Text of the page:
Page 3
September 10, 2008


            If your office is not in a position to mandate this now, and commit to making such a regional study a priority, we would ask for a meeting with you at the earliest possible time such that we can fully provide you and your offices with the details of the problems that will ensue if such a study is not mandated in the first instance.

            Thank you for your consideration of our request, and we look forward to your favorable response.

Sincerely,
                                                                                   
                     

Robert J. Valihura, Jr.               Gregory F. Lavelle                    Deborah Hudson
State Representative                 State Representative                 State Representative
10th District                               11th District                               12th District


RV/GF/DH/jd

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From: Bob Weiner [mailto:bob@bobweiner.com]
Sent: Wednesday, September 10, 2008 3:37 PM
Subject: Northern DE Land Use and Development Capacity Assessment-proposed amdt for Fy 2009-2012 TIP


Tigist Zegeye, Executive Director
Wilmington Area Regional Planning Council [WILMAPCO]
150 Library Avenue, Newark, DE 19711 (302) 737-6205

THIS LETTER IS TO REQUEST THAT WILMAPCO, AS THE REGIONAL COORDINATING AGENCY FOR TRANSPORTATION AND LAND USE ISSUES, ADDRESS A POTENTIAL TRANSPORTATION CRISIS IN NORTHERN NEW CASTLE COUNTY.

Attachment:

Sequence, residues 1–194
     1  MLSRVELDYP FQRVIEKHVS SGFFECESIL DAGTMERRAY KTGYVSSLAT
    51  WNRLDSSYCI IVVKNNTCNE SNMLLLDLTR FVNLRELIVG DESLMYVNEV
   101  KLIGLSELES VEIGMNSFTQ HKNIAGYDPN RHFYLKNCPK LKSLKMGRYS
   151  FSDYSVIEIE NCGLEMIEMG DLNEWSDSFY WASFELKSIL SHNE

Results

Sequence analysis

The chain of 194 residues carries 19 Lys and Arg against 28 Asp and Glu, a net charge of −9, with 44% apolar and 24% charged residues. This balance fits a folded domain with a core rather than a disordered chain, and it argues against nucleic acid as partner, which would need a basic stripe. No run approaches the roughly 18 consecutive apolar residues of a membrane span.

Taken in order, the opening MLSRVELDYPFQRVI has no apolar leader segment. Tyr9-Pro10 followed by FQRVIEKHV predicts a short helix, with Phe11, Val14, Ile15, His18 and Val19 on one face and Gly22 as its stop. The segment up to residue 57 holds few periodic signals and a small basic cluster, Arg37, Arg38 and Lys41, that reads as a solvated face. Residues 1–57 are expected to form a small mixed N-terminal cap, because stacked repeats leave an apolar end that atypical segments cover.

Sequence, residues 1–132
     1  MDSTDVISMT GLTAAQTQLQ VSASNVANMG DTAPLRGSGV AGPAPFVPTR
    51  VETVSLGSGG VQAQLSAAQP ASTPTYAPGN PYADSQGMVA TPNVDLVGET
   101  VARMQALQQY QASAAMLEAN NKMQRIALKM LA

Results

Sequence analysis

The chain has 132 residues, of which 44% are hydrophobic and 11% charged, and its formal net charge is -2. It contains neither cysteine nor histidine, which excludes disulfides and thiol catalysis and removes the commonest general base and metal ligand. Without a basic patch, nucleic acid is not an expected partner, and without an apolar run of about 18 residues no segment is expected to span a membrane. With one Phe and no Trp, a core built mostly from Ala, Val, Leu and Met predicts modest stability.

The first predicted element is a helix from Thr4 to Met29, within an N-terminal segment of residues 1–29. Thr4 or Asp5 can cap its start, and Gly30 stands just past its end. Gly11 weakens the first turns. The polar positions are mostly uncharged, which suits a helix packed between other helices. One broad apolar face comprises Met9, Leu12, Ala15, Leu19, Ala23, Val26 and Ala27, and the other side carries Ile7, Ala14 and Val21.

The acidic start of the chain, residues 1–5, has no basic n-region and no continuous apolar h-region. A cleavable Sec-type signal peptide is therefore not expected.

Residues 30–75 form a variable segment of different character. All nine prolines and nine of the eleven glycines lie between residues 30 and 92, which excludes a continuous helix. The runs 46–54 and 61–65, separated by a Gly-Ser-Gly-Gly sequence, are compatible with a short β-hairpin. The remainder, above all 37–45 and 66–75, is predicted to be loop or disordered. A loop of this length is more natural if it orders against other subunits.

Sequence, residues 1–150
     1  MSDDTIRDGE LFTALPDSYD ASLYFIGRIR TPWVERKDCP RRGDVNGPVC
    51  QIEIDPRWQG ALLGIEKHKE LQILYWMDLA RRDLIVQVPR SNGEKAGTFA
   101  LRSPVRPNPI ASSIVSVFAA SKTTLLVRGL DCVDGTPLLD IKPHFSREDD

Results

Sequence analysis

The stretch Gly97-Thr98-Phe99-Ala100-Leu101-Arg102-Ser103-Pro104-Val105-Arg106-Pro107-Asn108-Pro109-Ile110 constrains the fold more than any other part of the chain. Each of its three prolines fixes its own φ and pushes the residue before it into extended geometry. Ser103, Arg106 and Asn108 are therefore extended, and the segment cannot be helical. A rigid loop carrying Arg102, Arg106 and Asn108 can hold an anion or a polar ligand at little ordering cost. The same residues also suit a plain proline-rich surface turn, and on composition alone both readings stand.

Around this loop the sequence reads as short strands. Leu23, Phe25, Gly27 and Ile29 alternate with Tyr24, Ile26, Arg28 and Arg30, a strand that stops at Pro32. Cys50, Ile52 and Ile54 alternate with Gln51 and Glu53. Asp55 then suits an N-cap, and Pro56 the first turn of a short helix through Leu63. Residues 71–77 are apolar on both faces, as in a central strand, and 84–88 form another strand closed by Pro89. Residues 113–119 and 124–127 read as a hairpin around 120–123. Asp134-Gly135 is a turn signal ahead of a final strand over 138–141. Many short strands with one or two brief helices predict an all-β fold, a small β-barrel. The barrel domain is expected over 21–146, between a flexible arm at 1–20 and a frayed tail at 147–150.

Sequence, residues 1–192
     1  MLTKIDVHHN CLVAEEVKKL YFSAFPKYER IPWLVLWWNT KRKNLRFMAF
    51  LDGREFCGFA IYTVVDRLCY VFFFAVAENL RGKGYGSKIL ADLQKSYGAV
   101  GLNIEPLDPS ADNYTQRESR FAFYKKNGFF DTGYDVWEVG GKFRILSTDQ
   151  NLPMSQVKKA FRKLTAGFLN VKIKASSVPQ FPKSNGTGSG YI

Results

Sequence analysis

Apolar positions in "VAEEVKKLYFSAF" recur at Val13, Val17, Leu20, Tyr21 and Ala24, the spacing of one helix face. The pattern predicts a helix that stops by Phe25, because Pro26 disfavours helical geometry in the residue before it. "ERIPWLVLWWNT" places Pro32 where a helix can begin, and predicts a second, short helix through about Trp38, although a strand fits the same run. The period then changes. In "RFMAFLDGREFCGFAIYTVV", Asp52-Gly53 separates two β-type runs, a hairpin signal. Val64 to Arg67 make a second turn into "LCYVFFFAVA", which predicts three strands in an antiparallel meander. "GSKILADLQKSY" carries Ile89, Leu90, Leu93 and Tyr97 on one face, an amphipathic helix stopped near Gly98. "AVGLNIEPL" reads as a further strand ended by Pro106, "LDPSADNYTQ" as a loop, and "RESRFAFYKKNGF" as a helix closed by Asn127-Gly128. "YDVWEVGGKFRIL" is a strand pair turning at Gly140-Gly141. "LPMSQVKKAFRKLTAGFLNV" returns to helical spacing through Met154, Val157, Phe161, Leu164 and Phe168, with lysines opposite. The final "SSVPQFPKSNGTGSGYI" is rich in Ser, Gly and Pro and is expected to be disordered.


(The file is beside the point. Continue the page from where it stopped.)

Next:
I understand that the WILMAPCO Council is meeting tomorrow September 11, 2008 at 6:30 pm. As I am unable to attend, I ask that this letter be submitted into the record on behalf of my constituents in northern Delaware.

The four Stoltz organization proposals [Stoltz] currently pending before the New Castle County Land Use Department are located in Greenville and Brandywine Hundred. The four proposals collectively total over 4 million square feet and will draw an immense amount of regional traffic. The four projects are (1) Barley Mill Plaza site redevelopment, (2) Greenville Center redevelopment, (3) #20 Montchanin Road/old Columbia Gas site redevelopment, and (4) Shops of Brandywine Valley. All four development proposals have currently been deemed “unacceptable” by the New Castle County Land Use Department but Stoltz intends to re-file all 4 applications. See http://www.bobweiner.com/stoltz.asp and www.nccde.org for details. The scale and scope of the collective impact is greater than any other development proposals in the history of Delaware. In fact, in addition to its impact on major corridors, much of its impact will be felt in an area designated by WILMAPCO as a Rural Transportation Investment Area. It is critical that agencies such as WILMAPCO, DelDOT and New Castle County look beyond the scope of the Traffic Operational Analysis [TOA] and Traffic Impact Study [TIS] intersections currently being studied.